Emotionally moved by what they witnessed, both Kim and Jaena returned to tell their husbands about a 7-year-old boy who had watched his mother die at the other end of a gun held by her boyfriend.
Some time this summer, Norton will help create a video that will allow these kids to understand that he overcame some of the same adversity that they are currently facing.
"It's something that I want to get involved with," Norton said. "I just want to help somebody or at least make them feel like there's light at the end of the tunnel. I have a story that shows that things can work out."
ADMISSION OF GUILT
When Norton made his Major League debut with the White Sox on Aug. 18, 1996, he didn't have the opportunity to share the moment with his parents, who had once envisioned raising one son who would play in the National Football League and the other who would play at baseball's highest level.
Instead, he shared the realization of his dream with an older brother, whose own dream had been derailed by his father's actions.
When Greg's older brother, Tim Norton, received word of his mother's death, he was participating in mini-camp as a backup quarterback with the New England Patriots. Within an instant, his NFL dreams were replaced with the reality that he needed to return to California to mourn with his fractured family and provide his young brother the consistent father figure that he'd lost with his mother.
"I have all the respect in the world for what my brother did," Norton said. "When I broke into the Majors at the age of 24, I thought about him being that same age when he sacrificed everything to help take care of me."
With the support of his brother, friends and educators at Oakland's Bishop O'Dowd High School, Norton utilized athletics to get him through this traumatic period. Just two days after finding his mother dead, he chose to return to the baseball diamond and conclude his junior season.
"Sports allowed me to get away," Norton said. "When I sat around attempting to do my homework or sleep, my mind wandered. When I was playing, I could get my mind away from what had happened."
For more than 19 years, Greg held out a glimmer of hope that his father was indeed at the office as he had attested that morning. But this benefit of the doubt was erased this past December, when his father chose to admit his guilt to Tim. This admission came around the time that Jerry Norton was denied parole and found out that he'd have to spend at least five more years in the penitentiary.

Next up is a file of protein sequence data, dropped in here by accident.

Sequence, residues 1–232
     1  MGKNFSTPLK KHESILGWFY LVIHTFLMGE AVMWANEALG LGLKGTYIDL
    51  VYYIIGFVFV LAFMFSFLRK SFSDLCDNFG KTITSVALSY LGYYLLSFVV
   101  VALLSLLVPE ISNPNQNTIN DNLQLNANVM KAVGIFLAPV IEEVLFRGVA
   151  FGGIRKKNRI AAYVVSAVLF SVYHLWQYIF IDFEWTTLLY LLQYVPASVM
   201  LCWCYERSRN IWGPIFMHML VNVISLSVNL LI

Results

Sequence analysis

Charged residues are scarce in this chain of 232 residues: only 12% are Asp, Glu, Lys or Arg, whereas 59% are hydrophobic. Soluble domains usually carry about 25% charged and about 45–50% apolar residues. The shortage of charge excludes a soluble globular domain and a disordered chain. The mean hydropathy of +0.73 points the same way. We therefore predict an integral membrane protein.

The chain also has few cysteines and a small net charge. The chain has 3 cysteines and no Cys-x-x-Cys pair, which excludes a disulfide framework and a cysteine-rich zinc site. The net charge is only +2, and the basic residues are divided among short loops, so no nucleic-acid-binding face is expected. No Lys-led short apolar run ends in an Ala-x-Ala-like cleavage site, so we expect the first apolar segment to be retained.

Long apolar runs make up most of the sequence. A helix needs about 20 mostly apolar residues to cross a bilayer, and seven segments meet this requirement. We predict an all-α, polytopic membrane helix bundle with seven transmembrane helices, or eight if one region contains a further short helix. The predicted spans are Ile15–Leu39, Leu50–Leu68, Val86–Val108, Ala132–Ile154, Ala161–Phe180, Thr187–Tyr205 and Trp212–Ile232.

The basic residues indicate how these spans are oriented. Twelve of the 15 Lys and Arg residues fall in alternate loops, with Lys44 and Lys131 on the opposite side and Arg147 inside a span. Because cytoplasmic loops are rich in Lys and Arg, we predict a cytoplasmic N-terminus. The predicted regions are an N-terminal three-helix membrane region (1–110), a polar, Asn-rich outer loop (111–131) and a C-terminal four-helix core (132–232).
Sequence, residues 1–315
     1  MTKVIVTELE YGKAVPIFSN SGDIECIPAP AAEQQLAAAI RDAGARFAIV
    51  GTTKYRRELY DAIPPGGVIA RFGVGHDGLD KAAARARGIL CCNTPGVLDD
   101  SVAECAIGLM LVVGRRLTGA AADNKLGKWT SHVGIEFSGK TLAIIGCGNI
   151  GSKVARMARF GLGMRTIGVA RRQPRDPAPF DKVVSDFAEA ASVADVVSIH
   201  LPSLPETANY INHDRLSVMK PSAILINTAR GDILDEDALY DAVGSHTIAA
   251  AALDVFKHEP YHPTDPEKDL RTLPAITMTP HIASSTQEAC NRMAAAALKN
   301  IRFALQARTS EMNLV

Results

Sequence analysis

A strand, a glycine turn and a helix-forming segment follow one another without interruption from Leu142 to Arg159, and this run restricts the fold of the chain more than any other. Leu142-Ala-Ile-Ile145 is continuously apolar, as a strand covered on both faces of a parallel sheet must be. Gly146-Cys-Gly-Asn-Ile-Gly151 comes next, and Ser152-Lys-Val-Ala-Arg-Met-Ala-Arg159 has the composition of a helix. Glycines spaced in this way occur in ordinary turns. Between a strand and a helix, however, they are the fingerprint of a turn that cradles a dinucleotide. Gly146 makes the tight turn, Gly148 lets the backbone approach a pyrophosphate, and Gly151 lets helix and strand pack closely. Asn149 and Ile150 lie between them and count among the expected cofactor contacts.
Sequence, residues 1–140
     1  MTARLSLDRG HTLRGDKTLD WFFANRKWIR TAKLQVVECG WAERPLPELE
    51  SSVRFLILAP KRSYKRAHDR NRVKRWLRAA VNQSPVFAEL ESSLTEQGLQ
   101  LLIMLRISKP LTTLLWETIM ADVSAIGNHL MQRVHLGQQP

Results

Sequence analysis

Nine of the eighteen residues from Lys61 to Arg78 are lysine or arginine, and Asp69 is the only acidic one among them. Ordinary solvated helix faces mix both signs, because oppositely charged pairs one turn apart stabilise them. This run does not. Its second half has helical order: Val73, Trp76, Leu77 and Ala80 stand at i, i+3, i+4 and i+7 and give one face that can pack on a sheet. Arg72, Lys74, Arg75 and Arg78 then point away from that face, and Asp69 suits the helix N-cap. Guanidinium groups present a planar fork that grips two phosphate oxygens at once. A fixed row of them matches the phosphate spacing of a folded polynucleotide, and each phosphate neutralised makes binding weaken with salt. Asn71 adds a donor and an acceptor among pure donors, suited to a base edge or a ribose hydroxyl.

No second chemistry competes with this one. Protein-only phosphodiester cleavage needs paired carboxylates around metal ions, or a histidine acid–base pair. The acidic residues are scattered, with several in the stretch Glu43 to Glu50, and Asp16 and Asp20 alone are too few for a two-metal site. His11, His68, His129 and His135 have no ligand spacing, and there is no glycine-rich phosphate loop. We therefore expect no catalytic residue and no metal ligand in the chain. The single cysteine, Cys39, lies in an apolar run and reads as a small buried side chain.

It's been four years since Norton visited his father and he's not sure if he'll ever return. The gray area that had served as a sanctuary was destroyed with the admission of guilt that only solidified the belief that the act had something to do with his father's extramarital affair.
DEALING WITH THE CONSEQUENCES
Growing up in an upper-middle-class household, Norton never dealt with the financial issues that began to blossom following the murder. He began living off the Social Security checks provided after his mother's death and dealing with the debt that his father created when he started racking up credit card charges with the belief that he'd be found innocent.
With the signing bonus he received after being selected by the White Sox in the second round of the 1993 First-Year Player Draft, Norton took care of his father's financial debt. But there wasn't anything to remedy his brother's shattered dream or the reality that they'd never again have the opportunity to tell their mother how much they appreciated all that she'd done.
While reminiscing about his mother, Norton often listens to P.O.D.'s "Thinking About Forever". Its chorus reads:
I'm thinking about forever (missing you)
I know you're so much better (we made it through)
Now I know what it means to live for someone else
To give up yourself
Things have changed, at times it gets kind of strange
Your love remains the same
Do I make you proud? Mama, can you see me now?
"I listen to that every once in a while when I'm kind of down and out and kind of remember her that way," Norton said. "When I'm out at first base or in the infield anywhere, I'll always begin the game by writing my mother's initials with my kids' initials just kind of as a remembrance."
If Helen Norton were able to see her son now, she'd see the grown version of the son that she molded for 16 years. While saddened by the consequences, he never allowed the event to lead him into a world of drugs and alcohol.
During those early days after the murder, Bishop O'Dowd athletics director Mike Bowler saw Norton find escape through the same game of baseball that continues to provide him relief 20 years after his mother's tragic passing.
"The bad memories haven't tainted him," Bowler said. "We're very proud of what he has accomplished."
Mark Bowman is a reporter for MLB.com. This story was not subject to the approval of Major League Baseball or its clubs.